In Removing Major Roadblock to State Action on Emissions Standards, U.S. Department of Transportation Advances Biden-Harris Administration’s Climate and Jobs Goals
December 21, 2021 | Washington, DC
The U.S. Department of Transportation today continued its role in carrying out President Biden’s January 20 Executive Order on Protecting Public Health and the Environment and Restoring Science to Tackle the Climate Crisis by finalizing a rule to withdraw its portions of the "SAFE I” rule. The rule sought to preempt States, including California, from issuing their own greenhouse gas emissions standards and zero-emissions vehicle mandates. The finalized action furthers the Administration’s important fuel economy, equity, and climate change priorities, including reversing unnecessary and unlawful efforts to prevent state action.
“This final rule removes a roadblock to important state actions tackling climate change,” said U.S. Transportation Secretary Pete Buttigieg. “States can now actively pursue solutions to address the climate crisis and environmental challenges in their communities.”
After reviewing the public comments submitted on the National Highway Traffic Safety Administration’s April 2021 Notice of Proposed Rulemaking, NHTSA concluded that SAFE I overstepped the Agency’s legal authority and established overly broad prohibitions that did not account for a variety of important State and local interests. The final rule ensures that SAFE I will no longer form an improper barrier to States exploring creative solutions to address their local communities’ environmental and public health challenges.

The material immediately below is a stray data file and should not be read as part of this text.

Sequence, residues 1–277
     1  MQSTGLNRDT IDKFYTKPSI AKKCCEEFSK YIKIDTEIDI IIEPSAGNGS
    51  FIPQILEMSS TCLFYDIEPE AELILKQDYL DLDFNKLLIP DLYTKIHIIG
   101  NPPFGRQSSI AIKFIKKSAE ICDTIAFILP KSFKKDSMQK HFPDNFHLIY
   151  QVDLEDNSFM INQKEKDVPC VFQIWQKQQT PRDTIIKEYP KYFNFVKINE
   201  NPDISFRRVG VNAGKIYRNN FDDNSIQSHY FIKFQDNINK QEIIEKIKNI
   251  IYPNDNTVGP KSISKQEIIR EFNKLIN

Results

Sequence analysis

“States have been leading the way when it comes to cleaning up pollution and addressing climate change,” said Dr. Steven Cliff, NHTSA’s Deputy Administrator. “NHTSA’s final rule removes unnecessary barriers to State leadership in seeking out creative solutions to challenges caused by greenhouse gases and other air pollutants released from the tailpipes of cars.”
To read the final rule notice, please click here.